New Study Suggests That Some Driver Distractions May Prevent Auto Accidents
There is a substantial amount of evidence that distracted driving causes many Atlanta auto accidents resulting in catastrophic injury and wrongful death. Driver distractions come in many forms including talking on cell phones, eating and drinking while driving, reading, texting and a myriad of other driving distractions.
It is estimated that approximately 5,500 people are killed and another 450,000 are injured annually in car accidents involving distracted drivers according to data compiled by the National Highway Traffic Safety Administration (NHTSA). Both federal and state lawmakers have taken aggressive steps to reduce distracted driving including laws in some states that limit cell phone use to hands-free calls and bans on texting while driving.
An interesting new study suggests that the impact of distractions on driving ability may require a more nuanced approach and additional research to clearly understand the relationship between driver attention and auto accident rates. A new study conducted by researchers at the University of Kansas suggests that despite many studies indicating that drivers who talk on the phone fail to pay adequate attention and increase the likelihood of a car accident, the monotony of driving may also pose a substantial risk of causing Atlanta car crashes.
The researchers found that drivers who are prone to boredom may actually improve their attention level and concentration when driving by engaging in secondary tasks, especially toward the end of a long car trip. The study involved 45 participants who drove in a simulator for thirty minutes while engaged in a conversation on a cell phone. The researchers introduced obstacles including a car cutting off the drivers’ vehicle. Some drivers remained on the cell phone the entire time, some at the end of the trip and others did not engage in any secondary task while driving in the simulator.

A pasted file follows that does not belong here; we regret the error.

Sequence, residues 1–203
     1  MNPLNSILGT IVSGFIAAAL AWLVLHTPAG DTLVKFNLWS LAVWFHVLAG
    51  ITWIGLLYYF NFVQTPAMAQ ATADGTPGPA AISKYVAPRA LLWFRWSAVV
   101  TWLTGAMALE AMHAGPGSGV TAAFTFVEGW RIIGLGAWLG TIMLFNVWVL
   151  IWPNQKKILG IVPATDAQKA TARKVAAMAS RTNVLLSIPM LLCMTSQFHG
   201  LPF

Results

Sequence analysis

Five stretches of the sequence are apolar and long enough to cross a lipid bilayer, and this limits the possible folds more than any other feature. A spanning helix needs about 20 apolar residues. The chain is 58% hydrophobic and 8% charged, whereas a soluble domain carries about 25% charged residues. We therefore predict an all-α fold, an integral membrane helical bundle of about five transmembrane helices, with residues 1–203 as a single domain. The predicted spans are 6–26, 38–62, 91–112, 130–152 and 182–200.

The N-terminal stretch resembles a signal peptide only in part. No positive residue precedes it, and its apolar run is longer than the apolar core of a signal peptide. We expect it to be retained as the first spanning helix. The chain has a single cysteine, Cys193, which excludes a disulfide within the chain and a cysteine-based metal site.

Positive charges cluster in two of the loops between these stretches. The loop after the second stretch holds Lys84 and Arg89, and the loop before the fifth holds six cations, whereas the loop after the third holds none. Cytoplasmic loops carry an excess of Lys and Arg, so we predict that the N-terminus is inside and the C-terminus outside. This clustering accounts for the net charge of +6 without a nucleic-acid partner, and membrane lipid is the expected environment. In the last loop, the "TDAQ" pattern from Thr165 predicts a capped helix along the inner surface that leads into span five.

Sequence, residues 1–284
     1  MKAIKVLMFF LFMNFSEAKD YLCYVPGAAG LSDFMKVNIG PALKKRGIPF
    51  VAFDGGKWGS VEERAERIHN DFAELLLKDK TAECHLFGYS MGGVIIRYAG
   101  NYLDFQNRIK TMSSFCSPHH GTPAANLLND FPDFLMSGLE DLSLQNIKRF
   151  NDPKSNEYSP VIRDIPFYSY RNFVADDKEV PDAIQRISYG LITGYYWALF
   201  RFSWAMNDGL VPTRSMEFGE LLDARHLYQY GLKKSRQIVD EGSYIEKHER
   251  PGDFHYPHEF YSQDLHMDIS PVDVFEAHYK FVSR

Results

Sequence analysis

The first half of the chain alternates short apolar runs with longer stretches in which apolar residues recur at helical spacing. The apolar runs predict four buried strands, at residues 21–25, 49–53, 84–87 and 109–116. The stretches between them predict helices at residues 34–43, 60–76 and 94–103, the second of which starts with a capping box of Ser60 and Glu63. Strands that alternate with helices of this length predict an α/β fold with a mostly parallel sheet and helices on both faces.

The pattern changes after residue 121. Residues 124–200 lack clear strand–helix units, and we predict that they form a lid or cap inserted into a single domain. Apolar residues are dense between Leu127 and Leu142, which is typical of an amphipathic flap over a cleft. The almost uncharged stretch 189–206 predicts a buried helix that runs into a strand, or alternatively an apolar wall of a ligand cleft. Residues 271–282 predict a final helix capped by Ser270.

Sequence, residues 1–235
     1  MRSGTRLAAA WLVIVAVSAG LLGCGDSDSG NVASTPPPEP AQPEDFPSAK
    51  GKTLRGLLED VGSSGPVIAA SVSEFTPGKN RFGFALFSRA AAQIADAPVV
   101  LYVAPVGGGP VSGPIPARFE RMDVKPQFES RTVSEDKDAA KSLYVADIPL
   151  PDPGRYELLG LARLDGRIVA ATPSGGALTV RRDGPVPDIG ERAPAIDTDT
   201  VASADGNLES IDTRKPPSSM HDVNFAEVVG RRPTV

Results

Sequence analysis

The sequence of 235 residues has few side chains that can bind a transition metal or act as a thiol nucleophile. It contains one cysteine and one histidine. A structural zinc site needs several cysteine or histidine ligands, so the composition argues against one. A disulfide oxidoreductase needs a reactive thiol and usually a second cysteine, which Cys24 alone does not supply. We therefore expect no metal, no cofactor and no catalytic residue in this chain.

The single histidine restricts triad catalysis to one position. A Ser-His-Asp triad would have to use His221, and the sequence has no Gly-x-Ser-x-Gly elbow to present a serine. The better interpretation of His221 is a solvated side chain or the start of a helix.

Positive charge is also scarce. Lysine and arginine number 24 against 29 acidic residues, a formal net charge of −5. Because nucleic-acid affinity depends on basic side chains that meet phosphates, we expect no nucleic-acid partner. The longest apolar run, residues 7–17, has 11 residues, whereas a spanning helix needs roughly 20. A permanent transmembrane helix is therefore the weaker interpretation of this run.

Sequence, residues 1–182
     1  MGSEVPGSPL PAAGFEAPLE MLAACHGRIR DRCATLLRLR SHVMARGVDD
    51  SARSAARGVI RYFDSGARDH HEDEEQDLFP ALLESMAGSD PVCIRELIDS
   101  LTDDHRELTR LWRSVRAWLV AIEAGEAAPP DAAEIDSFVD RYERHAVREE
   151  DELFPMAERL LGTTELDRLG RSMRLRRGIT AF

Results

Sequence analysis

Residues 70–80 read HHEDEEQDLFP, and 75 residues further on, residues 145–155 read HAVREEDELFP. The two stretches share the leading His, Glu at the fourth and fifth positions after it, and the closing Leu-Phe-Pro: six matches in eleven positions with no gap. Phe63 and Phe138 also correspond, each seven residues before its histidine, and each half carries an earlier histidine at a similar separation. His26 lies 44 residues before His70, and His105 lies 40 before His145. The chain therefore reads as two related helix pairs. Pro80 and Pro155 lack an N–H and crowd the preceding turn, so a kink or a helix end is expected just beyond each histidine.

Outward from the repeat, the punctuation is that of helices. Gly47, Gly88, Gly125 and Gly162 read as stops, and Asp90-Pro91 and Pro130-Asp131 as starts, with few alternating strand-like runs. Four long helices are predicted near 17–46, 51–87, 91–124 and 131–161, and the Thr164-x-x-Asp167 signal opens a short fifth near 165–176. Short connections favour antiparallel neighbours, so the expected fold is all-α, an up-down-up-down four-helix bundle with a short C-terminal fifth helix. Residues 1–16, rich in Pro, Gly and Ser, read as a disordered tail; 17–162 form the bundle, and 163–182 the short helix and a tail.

The test subjects were evaluated based on a number of factors including their ability to maintain their lane, response time in avoiding collisions, consistency of course in avoiding radical steering maneuvers and accuracy of memory in recalling signs passed. The conclusions of the study revealed that drivers that engaged in a secondary task in the latter portion of the trip performed better in terms of maintaining their lane and avoiding traffic violations than those who were not engaged in a secondary test. The results of the study strongly suggest that monotony can set in especially during longer drives diverting a driver’s attention from concentrating on their driving task.
While this new evidence certainly should not be taken as justification for distracted driving practices like sending text messages while driving, it does suggest that the human factors that cause serious Georgia car accidents are complex. Although secondary tasks can distract a driver and cause an auto accident, sometimes stimulation in the form of a secondary task is necessary to keep a driver from letting his or her mind wander. In simple terms, this is the same phenomenon that most drivers have experienced by listening to the radio or rolling down the window to keep one focused and alert.
At Montlick and Associates, our Georgia distracted driving attorneys have been successfully representing those who suffer catastrophic injuries or wrongful death and their loved ones throughout Georgia for over 35 years. Our Georgia distracted driver lawyers are available to assist clients throughout all of Georgia and the Southeast, including but not limited to Albany, Athens, Atlanta, Augusta, Columbus, Gainesville, Macon, Marietta, Rome, Roswell, Savannah, Smyrna, Valdosta, Warner Robins and all smaller cities and rural areas in the state. No matter where you are located our attorneys are just a phone call away, and we will even come to you. Call us 24 hours a day/7 days a week for your Free Consultation at 1-800-LAW-NEED (1-800-529-6333). You can also visit us online at www.montlick.com and use our Free Case Evaluation Form or 24-hour Live Online Chat.